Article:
Larceny Act 1916
|Long title||An Act to consolidate and simplify the Law relating to Larceny triable on Indictment and Kindred Offences.|
|Royal assent||31 October 1916|
|Commencement||1 January 1917|
|Repealed by||The Theft Act 1968, s.33(3) & Sch.3, Pt.I|
|Text of statute as originally enacted|
The definition of larceny for the purposes of the Act was: a person steals who, without the consent of the owner, fraudulently and without a claim of right made in good faith; takes and carries away anything capable of being stolen, with the intent at the time of such taking, permanently to deprive the owner thereof. Provided that a person may be guilty of stealing any such thing notwithstanding that he has lawful possession thereof, if, being a bailee or part owner thereof, he fraudulently converts the same to his own use or the use of any person other than the owner.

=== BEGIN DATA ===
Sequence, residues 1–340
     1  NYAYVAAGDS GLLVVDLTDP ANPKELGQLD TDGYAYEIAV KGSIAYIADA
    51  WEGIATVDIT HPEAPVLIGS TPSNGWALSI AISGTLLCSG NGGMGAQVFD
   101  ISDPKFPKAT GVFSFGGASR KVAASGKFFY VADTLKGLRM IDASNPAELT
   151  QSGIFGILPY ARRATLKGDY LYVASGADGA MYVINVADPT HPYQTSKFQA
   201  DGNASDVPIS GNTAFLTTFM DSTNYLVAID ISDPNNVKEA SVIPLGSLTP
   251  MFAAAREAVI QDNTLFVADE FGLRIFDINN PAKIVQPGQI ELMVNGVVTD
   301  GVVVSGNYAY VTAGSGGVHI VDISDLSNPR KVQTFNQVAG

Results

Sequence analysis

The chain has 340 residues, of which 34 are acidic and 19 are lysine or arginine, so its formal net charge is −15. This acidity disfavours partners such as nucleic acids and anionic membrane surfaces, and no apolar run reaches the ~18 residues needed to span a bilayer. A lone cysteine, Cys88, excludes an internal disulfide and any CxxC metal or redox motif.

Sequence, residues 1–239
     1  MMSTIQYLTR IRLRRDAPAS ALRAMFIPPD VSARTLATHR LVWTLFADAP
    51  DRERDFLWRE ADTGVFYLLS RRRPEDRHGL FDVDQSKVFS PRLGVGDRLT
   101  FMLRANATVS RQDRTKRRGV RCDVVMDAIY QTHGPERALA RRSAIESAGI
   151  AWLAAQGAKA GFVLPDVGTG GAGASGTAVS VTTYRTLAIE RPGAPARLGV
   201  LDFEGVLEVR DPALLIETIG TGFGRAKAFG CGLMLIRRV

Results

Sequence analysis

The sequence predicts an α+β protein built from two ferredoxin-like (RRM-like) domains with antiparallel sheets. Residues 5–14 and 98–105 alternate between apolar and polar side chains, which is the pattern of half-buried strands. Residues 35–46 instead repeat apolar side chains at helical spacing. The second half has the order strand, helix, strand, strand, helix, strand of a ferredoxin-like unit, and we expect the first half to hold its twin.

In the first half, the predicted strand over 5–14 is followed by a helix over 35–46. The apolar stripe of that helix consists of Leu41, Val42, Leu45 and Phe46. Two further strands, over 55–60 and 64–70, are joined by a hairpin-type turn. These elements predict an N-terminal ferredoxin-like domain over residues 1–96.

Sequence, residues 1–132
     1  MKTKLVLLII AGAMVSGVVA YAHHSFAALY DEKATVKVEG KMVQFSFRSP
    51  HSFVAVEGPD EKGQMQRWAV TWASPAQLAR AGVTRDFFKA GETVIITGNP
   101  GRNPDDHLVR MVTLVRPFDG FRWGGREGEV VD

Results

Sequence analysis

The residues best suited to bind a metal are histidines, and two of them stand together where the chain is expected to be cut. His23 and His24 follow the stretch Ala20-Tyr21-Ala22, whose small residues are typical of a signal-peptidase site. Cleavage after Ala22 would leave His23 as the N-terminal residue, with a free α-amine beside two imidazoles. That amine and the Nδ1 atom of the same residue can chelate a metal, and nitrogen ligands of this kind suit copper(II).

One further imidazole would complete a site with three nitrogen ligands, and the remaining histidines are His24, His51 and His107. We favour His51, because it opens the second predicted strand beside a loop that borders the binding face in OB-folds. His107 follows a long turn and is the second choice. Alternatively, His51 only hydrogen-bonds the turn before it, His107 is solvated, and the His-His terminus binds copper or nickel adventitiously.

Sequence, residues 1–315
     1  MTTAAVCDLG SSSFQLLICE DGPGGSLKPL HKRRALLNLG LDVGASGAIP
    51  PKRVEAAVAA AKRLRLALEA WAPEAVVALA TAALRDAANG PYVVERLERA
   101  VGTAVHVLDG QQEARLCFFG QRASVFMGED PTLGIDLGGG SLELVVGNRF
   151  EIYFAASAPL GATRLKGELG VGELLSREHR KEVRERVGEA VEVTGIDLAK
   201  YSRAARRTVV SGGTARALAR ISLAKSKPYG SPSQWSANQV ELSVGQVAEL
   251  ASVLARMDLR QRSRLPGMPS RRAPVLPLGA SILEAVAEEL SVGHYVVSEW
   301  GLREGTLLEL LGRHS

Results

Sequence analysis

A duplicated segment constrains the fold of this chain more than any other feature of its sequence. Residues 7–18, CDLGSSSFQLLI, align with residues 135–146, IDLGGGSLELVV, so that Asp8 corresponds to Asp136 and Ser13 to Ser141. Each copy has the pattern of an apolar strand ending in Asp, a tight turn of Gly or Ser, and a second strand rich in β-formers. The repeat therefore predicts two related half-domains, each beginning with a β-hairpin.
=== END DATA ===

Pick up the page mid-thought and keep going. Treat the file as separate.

Section 23 provided maximum penalties for a number of offences of robbery and aggravated robbery.
Section 24 created the offence of sacrilege.
Section 25 created the offence of burglary.
Sections 29 to 31: see blackmail.
Section 32 related to false pretences.
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